Here, the helmers are clever in how they construct each scene so that everything can be explained, even certain impossible moments that seem to unfold only in the kids’ heads — dreams, maybe. Though even the waking moments have a nightmarish feel, which should serve this movie well when it goes out into the world and earn the directors eager fans for whatever they do next.

Venice Film Review: 'Goodnight Mommy'

Reviewed at Venice Film Festival (Also in Toronto Film Festival, Vanguard), Sept. 1, 2014. Running time: 100 MIN. (Original title: “Ich seh, Ich seh.”)

Production: (Austria) An Ulrich Seidl Film Produktion production. (International sales: Films Distribution, Paris.) Produced by Ulrich Seidl. Executive producer, Louis Oellerer.

Crew: Directed, written by Veronika Franz, Severin Fiala. Camera (color, widescreen), Martin Gschlacht; editor, Michael Palm; music, Olga Neuwirth; production designers, Hubert Klausner, Johannes Salat; sound, Matz Muller, Tobias Fleig, Erik Mischijew; stunt coordinator; Tissi Brandhoffer; casting, Eva Roth.

With: Susanne Wuest, Elias Schwarz, Lukas Schwarz. (German dialogue)

More Film

  • Atlantics

    Netflix Snags Worldwide Rights to Cannes Winners 'Atlantics,' 'I Lost My Body'

    Mati Diop’s feature directorial debut “Atlantics” and Jérémy Clapin’s animated favorite “I Lost My Body” have both been acquired by Netflix following wins at Cannes Film Festival. “Atlantics” was awarded the grand prix while “I Lost My Body” was voted the best film at the independent International Critics Week. The deals are for worldwide rights [...]

  • Stan Lee, left, and Keya Morgan

    Stan Lee's Former Business Manager Arrested on Elder Abuse Charges

    Stan Lee’s former business manager, Keya Morgan, was arrested in Arizona Saturday morning on an outstanding warrant from the Los Angeles Police Department. The LAPD’s Mike Lopez confirmed that the arrest warrant was for the following charges: one count of false imprisonment – elder adult; three counts of grand theft from elder or dependent adult, [...]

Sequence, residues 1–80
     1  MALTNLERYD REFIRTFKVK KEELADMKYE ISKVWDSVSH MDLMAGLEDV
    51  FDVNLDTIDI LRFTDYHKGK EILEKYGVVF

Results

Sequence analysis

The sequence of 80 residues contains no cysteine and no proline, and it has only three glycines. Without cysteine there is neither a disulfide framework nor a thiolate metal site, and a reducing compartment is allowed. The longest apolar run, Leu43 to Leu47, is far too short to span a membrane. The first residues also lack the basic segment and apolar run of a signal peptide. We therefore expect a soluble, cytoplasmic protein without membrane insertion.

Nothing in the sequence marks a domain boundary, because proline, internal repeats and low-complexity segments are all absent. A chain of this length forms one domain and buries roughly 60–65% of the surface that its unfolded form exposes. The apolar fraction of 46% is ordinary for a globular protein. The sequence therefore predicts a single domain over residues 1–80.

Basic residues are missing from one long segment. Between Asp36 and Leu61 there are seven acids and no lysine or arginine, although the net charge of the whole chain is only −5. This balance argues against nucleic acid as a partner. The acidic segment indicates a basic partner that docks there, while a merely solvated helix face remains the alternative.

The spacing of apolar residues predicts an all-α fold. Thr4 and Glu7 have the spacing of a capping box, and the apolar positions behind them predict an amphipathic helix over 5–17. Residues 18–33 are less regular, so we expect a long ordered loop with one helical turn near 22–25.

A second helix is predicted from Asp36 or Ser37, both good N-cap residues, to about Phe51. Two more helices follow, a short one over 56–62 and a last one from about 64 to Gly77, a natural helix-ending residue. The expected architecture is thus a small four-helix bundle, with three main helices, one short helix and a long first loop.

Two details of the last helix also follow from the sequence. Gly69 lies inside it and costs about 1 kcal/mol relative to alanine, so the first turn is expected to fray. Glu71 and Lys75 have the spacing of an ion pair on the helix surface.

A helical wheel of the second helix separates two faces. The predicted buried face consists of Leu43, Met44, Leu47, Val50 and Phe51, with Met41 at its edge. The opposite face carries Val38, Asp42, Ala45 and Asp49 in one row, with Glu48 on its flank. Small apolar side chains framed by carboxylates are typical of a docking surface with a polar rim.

• Moby attends the LA premiere of

    Moby Apologizes to Natalie Portman Over Book Controversy

    Moby has issued an apology of sorts after writing in his recently published memoir “Then It Fell Apart” that he dated Natalie Portman when she was 20 — a claim the actress refuted. “As some time has passed I’ve realized that many of the criticisms leveled at me regarding my inclusion of Natalie in Then [...]

  • Bong Joon-ho reacts after winning the

    Bong Joon-ho's 'Parasite' Wins the Palme d'Or at Cannes

    CANNES — The 72nd edition of the Cannes Film Festival wrapped with jury president Alejandro González Iñárritu announcing the group’s unanimous decision to award the Palme d’Or to South Korean director Bong Joon-ho for his sly, politically charged “Parasite.” Following last year’s win for humanistic Japanese drama “Shoplifters,” the well-reviewed Asian thriller represents the yin [...]

  • Invisible Life Brazilian Cinema

    Cannes Film Review: 'The Invisible Life of Eurídice Gusmão'

    A “tropical melodrama” is how the marketing materials bill “The Invisible Life of Eurídice Gusmão.” If that sounds about the most high-camp subgenre ever devised, Karim Aïnouz’s ravishing period saga lives up to the description — high emotion articulated with utmost sincerity and heady stylistic excess, all in the perspiring environs of midcentury Rio de [...]

  • Best Movies of Cannes 2019

    The 10 Best Movies of Cannes 2019

    The Cannes Film Festival is too rich an event to truly have an “off” year, but by the end of the 72nd edition, it was more or less universally acknowledged that the festival had regained a full-on, holy-moutaintop-of-art luster that was a bit lacking the year before. It helps, of course, to have headline-making movies [...]

  • Aladdin

    'Aladdin' Soaring to $100 Million-Plus Memorial Day Weekend Debut

    Disney’s live-action “Aladdin” remake is on its way to a commendable Memorial Day weekend debut with an estimated $109 million over the four-day period. The musical fantasy starring Will Smith and Mena Massoud should uncover about $87 million in its first three days from 4,476 North American theaters after taking in $31 million on Friday. [...]

More From Our Brands

Access exclusive content